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Cut and Paste With Screen

By Juliet Kemp (Send Email)
Posted Sep 8, 2009


If you're running an X session, cut-and-paste is easy: Just use the mouse. But what about when you're running in a non-graphical console? Or if you just prefer to keep your fingers on the keyboard? The utility screen, which enables you to run multiple screens on the same console (along with many other useful tricks), allows non-graphical cut-and-paste.

Tip of the Trade: Mouse-clicks may be synonymous with cut-and-paste, but in a non-graphical environment, they won't help you. Enter Screen, which among its many useful tricks, enables non-graphical cut-and-paste.

To enter copy mode in screen, hit Ctrl+A, then [. You can now use the arrow keys, or vim-like keybindings, to move around the screen. 0 gets you to the start of a line, and $ to the end of a line.

  1. When you've reached the point where you want to start the copy, hit Enter.
  2. Move the cursor to the end point of your selection (you'll see what you're copying highlighted), and then hit Enter again.
  3. Now move the cursor to wherever you want to paste the selection (you can move to another screen within your session), and hit Ctrl+A ] to paste the selection.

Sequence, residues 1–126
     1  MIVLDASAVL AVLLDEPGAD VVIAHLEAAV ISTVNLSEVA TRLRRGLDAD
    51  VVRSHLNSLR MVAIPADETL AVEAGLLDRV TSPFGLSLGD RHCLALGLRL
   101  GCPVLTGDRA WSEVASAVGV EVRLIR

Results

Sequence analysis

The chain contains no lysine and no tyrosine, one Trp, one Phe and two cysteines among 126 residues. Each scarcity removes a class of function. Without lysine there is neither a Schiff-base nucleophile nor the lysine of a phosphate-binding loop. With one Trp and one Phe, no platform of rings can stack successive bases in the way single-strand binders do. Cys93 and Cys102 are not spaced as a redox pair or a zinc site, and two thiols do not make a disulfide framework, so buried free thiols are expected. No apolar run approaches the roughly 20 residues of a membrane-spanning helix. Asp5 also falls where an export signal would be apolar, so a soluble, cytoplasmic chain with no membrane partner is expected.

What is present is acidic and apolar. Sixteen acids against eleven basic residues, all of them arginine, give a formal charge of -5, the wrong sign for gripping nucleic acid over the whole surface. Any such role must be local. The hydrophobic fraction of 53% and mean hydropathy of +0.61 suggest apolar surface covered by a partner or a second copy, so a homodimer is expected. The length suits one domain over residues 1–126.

You can also use Ctrl+A > filename to paste the selection to a filename and Ctrl+A < filename to read a file into the selection buffer so you can then paste it out again using Ctrl+A ].

When in copy mode, you can also use screen's scrollback feature (i.e., you can scroll back upward past the top of the currently displayed text) and the search function.

Use ? to search backward. This is probably what you want initially, as you'll be starting by default from the bottom of the scrollback.

/ searches forward.

Bear in mind that the default scrollback is only 100 lines. To increase this, add a line to your ~/.screenrc:

defscrollback 1000

This increases the scrollback to 1,000 lines; you can edit this value as you prefer.

Juliet Kemp has been messing around with Linux systems, for financial reward and otherwise, for about a decade. She is also the author of "Linux System Administration Recipes: A Problem-Solution Approach" (Apress, 2009).

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